Motivated for Action and Collaboration: The Abrahamic Religions and Climate Change
AbstractLeaders of Judaism, Christianity, and Islam have publicly advocated action to mitigate the adverse effects of human-forced climate change. Particularly prominent prior to, during, and after the 21st Conference of the Parties of the United Nations Framework Convention on Climate Change were Rabbi Arthur Waskow, Pope Francis, and Patriarch Bartholomew. Also prominent was a group of Islamic clerics, leaders of organizations, and scholars who collaborated in issuing a declaration on climate change three months prior to COP 21. Informed by the Earth sciences, these leaders shared their faith-based rationales for acting locally to internationally as indicated in the documents explored in this article. Examples of organizations motivated by their leaders’ faith perspectives demonstrate their readiness to act informed by scientists. To work effectively, these religious leaders and activist groups require well-substantiated conclusions from data collected to counter unsubstantiated claims by climate skeptics. Earth scientists will find among the religious leaders and groups allies in the quest for a flourishing planet. View Full-Text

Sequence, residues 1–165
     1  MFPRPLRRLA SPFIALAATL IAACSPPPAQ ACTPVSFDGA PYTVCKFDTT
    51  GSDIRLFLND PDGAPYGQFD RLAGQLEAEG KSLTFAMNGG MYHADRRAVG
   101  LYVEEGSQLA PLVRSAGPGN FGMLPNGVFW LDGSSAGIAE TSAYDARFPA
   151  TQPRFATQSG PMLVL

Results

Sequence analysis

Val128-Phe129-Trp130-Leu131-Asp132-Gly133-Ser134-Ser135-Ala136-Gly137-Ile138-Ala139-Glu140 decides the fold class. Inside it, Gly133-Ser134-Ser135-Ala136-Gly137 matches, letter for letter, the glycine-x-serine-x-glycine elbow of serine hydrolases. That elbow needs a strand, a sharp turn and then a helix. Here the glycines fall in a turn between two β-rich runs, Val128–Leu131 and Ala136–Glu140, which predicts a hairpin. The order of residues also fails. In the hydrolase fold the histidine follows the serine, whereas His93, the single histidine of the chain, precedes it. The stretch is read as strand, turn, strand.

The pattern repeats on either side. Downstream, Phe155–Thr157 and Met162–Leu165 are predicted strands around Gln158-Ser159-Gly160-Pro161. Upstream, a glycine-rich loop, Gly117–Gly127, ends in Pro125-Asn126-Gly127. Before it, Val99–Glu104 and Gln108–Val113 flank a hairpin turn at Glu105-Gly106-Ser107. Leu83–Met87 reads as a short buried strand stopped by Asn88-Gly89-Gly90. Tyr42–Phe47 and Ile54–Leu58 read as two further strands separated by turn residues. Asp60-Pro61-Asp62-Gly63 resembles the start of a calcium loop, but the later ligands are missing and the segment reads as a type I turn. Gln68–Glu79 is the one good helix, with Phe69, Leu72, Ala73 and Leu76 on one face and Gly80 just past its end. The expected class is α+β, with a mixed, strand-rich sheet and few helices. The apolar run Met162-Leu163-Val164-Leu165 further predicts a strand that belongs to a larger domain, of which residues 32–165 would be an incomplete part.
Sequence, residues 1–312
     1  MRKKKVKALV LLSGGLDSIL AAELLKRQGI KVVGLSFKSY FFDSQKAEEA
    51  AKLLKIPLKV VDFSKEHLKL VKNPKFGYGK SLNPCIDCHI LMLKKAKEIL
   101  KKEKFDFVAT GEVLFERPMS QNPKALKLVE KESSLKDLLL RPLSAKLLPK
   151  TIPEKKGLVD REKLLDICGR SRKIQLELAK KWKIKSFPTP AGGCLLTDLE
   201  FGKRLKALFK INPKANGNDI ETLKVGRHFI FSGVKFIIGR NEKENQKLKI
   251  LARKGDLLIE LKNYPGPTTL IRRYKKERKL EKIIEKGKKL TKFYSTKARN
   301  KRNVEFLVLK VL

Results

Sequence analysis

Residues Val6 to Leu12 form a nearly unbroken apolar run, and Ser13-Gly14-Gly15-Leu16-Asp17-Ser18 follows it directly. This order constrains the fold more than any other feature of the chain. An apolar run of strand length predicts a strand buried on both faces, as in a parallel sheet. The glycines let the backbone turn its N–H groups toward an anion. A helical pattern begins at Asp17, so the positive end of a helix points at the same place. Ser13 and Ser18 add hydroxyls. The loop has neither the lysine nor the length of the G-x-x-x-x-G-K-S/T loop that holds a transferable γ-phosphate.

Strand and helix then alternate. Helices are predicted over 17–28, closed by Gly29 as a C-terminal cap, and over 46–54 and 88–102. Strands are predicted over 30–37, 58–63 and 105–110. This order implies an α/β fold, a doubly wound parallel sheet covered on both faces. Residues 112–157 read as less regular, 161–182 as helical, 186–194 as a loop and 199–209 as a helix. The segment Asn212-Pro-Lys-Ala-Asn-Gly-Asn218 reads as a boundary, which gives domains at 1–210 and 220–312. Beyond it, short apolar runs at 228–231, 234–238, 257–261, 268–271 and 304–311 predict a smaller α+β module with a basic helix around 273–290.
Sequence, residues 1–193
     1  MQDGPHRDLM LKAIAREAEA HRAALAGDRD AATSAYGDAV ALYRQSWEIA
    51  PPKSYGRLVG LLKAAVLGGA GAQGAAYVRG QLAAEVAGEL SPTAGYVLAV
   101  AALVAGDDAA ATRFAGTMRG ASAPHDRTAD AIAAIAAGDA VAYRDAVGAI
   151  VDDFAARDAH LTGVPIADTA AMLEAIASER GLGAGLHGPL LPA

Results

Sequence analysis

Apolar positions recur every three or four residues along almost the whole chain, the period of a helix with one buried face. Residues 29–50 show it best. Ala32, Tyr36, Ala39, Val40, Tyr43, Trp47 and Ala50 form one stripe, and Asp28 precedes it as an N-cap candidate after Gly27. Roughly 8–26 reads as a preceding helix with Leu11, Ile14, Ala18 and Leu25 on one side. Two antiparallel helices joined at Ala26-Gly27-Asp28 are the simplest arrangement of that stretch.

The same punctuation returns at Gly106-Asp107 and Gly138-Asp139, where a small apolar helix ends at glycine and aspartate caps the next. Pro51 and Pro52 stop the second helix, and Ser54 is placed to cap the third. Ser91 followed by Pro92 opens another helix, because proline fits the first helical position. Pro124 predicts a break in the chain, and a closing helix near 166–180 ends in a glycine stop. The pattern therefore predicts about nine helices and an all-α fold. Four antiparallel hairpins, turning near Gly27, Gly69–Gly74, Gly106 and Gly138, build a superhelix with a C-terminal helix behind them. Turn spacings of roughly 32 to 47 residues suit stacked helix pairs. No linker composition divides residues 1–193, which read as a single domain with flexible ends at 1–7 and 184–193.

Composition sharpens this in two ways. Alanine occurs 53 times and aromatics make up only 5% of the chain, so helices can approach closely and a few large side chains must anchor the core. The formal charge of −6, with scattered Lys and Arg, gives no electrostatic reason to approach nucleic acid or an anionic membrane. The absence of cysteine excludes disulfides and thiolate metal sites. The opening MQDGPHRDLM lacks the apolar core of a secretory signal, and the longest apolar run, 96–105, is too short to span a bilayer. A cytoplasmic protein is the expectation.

Share & Cite This Article
Schaefer, J. Motivated for Action and Collaboration: The Abrahamic Religions and Climate Change. Geosciences 2016, 6, 31.
Schaefer J. Motivated for Action and Collaboration: The Abrahamic Religions and Climate Change. Geosciences. 2016; 6(3):31.Chicago/Turabian Style
Schaefer, Jame. 2016. "Motivated for Action and Collaboration: The Abrahamic Religions and Climate Change." Geosciences 6, no. 3: 31.
Note that from the first issue of 2016, MDPI journals use article numbers instead of page numbers. See further details here.